Bridge Gets Ripped Away by Floods as Hurricane Fiona Hits Puerto Rico [Video]

Residents and first responders could only watch helplessly as floodwaters overtook the town’s bridge and washed it downstream.

via: Revolt

On Sunday (Sept. 18) afternoon, Hurricane Fiona hit the island of Puerto Rico. A metal bridge that was built in the aftermath of 2017’s devastating Hurricane Maria has been ripped away.

The temporary bridge was installed in 2018. Videos shared on social media showed the bridge on Puerto Rico’s Highway 123 in the town of Utuado being torn out of its moorings and washed downriver by surging flood waters. “It’s impossible to wash away a bridge with extreme flash flooding! Hurricane Fiona was a strong one that dumped a lot of rain water at Puerto Rico that swept away the bridge with flowing flood waters!,” said Twitter user @AllenAcNguyen.

Hurricane Fiona hit Puerto Rico with winds that reached nearly 86 mph and intense rain causing major damage to the infrastructure. It sweeped across the island and away off its western edge towards the Dominican Republic and the open sea beyond. As reported by The NY Post, Puerto Rico is expected to receive several inches of rain through Tuesday (Sept. 20), raising concerns about flooding and mudslides. Southern Puerto Rico could see 12-18 inches of rain, with some areas receiving as much as 30 inches of rain.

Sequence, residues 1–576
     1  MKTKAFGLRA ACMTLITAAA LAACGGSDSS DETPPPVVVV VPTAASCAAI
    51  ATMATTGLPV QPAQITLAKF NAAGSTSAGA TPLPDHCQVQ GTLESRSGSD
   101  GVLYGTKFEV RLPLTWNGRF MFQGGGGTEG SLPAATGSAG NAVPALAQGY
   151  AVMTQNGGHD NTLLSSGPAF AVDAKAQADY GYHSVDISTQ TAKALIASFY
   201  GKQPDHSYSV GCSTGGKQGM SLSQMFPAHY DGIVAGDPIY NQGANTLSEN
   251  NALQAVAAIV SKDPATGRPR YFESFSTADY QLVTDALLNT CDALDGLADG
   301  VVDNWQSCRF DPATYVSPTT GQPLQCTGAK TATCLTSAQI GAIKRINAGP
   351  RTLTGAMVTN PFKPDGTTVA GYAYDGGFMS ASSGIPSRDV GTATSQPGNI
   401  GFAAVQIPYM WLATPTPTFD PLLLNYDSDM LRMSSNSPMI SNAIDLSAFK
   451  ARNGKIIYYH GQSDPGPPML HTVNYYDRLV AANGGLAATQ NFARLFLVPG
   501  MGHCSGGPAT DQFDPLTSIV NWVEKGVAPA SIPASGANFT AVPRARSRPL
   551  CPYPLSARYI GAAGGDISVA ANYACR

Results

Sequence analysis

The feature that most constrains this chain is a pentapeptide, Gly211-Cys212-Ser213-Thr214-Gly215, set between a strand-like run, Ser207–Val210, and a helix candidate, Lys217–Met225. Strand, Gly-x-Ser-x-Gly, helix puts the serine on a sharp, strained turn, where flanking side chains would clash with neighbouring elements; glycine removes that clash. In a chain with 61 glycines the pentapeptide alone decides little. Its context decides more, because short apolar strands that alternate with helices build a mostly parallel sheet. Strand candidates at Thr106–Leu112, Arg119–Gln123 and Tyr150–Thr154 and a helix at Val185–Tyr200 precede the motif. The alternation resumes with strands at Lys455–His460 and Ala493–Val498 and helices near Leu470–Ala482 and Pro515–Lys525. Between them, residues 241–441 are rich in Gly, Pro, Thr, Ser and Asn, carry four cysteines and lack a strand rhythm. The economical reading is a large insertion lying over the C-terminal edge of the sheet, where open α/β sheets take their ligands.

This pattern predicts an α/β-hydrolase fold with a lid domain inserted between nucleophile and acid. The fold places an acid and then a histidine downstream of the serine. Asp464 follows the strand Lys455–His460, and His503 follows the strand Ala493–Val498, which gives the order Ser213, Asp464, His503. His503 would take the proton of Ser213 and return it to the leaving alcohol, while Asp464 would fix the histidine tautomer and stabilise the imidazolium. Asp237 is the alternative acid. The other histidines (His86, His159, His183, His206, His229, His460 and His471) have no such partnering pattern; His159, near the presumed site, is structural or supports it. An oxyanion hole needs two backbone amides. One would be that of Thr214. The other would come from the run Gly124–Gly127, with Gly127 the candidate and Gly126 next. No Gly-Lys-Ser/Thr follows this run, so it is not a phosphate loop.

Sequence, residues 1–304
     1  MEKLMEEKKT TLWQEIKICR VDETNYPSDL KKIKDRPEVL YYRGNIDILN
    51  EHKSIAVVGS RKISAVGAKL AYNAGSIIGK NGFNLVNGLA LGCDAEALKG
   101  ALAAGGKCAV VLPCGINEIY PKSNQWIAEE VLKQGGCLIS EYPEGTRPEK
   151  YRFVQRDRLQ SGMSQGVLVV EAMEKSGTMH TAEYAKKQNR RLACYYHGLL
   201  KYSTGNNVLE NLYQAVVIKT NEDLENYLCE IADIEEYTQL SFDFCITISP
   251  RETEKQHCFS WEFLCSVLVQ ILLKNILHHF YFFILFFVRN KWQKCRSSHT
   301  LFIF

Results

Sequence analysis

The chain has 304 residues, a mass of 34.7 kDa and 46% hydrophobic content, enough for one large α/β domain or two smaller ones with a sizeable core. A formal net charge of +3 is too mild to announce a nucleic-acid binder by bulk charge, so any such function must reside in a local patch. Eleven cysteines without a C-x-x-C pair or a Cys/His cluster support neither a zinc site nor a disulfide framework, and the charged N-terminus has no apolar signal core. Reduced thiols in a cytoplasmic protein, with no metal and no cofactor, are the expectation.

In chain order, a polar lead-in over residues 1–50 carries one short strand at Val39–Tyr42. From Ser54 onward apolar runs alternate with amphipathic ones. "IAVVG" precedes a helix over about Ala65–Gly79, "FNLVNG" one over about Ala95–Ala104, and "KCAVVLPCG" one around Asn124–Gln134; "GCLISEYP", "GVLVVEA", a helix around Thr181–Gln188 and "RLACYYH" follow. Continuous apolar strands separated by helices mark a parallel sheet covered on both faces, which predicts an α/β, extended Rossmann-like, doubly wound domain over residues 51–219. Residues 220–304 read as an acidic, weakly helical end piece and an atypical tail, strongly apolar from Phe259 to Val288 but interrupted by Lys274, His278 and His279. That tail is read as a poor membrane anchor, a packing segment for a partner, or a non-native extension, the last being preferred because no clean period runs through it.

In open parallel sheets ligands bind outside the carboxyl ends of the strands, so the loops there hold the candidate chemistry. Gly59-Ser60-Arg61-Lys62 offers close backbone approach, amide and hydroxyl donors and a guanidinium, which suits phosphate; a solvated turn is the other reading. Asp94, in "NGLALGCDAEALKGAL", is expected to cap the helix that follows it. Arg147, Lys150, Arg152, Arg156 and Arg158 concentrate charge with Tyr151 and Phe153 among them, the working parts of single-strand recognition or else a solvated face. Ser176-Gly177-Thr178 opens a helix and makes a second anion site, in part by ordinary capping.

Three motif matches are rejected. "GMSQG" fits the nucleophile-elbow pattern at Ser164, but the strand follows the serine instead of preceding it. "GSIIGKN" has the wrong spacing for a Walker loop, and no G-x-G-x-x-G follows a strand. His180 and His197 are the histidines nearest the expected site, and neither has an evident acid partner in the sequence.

Puerto Rico Governor Pedro Pierluisi said the whole island’s electrical system was “out of service due to the effects of the hurricane,” affecting nearly 1.5 million households. Luma, Puerto Rico’s power transmission and distribution company, stated, “Current weather conditions are extremely dangerous and are hindering our capacity to evaluate the complete situation.”

This disaster is just five years after Hurricane Maria. It was the worst and strongest storm Puerto Rico has experienced in nearly 90 years when it struck the island in 2017, causing extensive damage that destroyed neighborhoods and killed nearly 3,000 people. It wrecked the power grid so thoroughly that one month afterwards, about 88 percent of the island was still without electricity, which affected about 3 million people.

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